NEO Car Shopper

Submitted by Evelyn Kiefer on Mon, 03/06/2006 - 14:19.

How does one shop for a car online? I am going to find out!

 I need a new car. I think I know approximately what I am looking for -- excellent safety rating, high fuel efficiency, attractive design, comfortable enough for long road trips, roomy enough to carry skiis, bikes or some large piece of art. I'm convinced I should buy foreign (unless someone can convince me otherwise) because what I hate most is taking my car in for repairs often. What ever I buy I plan to keep it 10 years or more.

I am learning toward the Honda Element, but I have n't test driven one yet. Other contenders are the Honda CR-V and the Toyota Rav4.

How do you get the best deal? New or used? Some of the used vehicles I looked at were loaded with extras, 2-3 thousand less than pared down new models but they had 30-40,000 miles. 30-40,000 miles isn't that much on a Honda, though --right? I plan to finance and I should qualify for the best possible rate but how do I know what that is?

I will check out the online resources and report back with my findings.


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The cars you mention are all presently in vogue.  So they will sell at the high end of the transportation value spectrum.  Try to go with what is presently a black sheep fad wise - like say a minivan or even a full size van.  These are not the desirable model right now.  Crossover vehicles are the in thing. Stupid name “crossover”.  Element looks too military and that is not a good look to support, in my opinion.  

 I have owned numerous foreign and domestic dinos and I am of the opinion that a domestic dino is much cheaper on repairs - they are easier to work on and the parts are much cheaper and you can get them at any Autozone.  I usually do all my own work and putting a starter, brake discs, or an alternator in a US legacy line vehicle is much easier than in a Honda.


Sure, the dinos suck fuel, but if you aren't driving 15,000 miles a year the additional fuel mileage of a compact may not be offset by their more expensive original cost and more expensive repairs.   Do a quick calculation of the cost difference at 3.00 per gallon for 7,500 miles per year at 15 mpg vs 30mpg  = $750 per year.   You can probably buy a 5 year old dino (big GM like unit) for 1/2 the cost of a crossover.   Loan interest, sales tax and insurance will be less.  You will pay for the cheaper unit sooner and can drop comprehensive insurance as soon as you don’t owe the bank.  Who’s going to steal a dino?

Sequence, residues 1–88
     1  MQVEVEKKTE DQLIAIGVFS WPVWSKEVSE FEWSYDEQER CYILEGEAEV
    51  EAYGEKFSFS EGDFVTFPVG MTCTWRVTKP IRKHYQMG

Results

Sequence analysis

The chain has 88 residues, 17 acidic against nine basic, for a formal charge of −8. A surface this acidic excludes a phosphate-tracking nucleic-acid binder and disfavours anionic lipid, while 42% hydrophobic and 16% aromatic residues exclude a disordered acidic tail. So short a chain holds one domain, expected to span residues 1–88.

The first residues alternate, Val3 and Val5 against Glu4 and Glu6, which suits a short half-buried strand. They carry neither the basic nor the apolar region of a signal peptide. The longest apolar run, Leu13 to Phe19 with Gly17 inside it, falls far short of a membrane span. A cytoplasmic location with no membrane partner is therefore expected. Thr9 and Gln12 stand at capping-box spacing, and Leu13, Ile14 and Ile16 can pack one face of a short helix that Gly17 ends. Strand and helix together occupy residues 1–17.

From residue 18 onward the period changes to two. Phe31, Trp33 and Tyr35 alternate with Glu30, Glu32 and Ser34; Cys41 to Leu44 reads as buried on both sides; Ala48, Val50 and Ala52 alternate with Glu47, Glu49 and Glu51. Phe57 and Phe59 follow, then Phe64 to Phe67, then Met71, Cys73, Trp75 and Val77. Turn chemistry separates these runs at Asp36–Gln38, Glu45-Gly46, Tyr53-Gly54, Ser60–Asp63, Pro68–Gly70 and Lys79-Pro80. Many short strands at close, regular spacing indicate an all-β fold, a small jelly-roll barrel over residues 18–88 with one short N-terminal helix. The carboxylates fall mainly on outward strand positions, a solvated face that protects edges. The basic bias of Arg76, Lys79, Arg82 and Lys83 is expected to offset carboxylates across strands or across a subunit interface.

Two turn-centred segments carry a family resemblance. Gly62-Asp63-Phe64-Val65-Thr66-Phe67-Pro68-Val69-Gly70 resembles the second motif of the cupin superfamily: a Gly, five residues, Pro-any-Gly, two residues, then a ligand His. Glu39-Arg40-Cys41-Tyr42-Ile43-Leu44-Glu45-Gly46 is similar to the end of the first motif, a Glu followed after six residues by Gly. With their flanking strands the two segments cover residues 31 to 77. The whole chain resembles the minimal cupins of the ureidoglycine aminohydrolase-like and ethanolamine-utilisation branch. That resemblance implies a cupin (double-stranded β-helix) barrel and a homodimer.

If you look around - especially in the local for sale news flyers like a local newspaper -  maybe you can find an older low mileage car which is being given up by someone who is giving up driving.  Keep your eye on neighborhood driveways with cars for sale. Take your time.  Do your homework so you know the fair value of the year, condition and mileage of the car model you finally decide to really go after.  Don't freak out if you go back and a car you liked has been sold.  Chances are very good you will find something better.  Use Kelley Blue book,   Edmund's. and NADA guides (all on line) to develop price - make offer to private individual at very low end of guide numbers.  Use guides to convince seller you are being fair. 

Finance through bank and not car dealer.  Pay cash if possible.

Take the car to your mechanic for pre- purchase shake down. 

Don't shy away from a 10 year old car with low mileage.   

If this line of reasoning leaves you cold,  (which proves my point about those big vans being out of style) then I suggest going to the other extreme and buying a used Toy or Hon ultra low emission hybrid.  They are more expensive, but at least you will be sitting in the most environmentally  correct seat.  

A Diesel  VW bug gets excellent (50mpg) mileage, and VW has the best automotive colors to keep you mood elevated.

Good luck. 


New Avenues

Thank you. I appreciate your comments. You have given me quite a few things to consider and I will be posting what I find.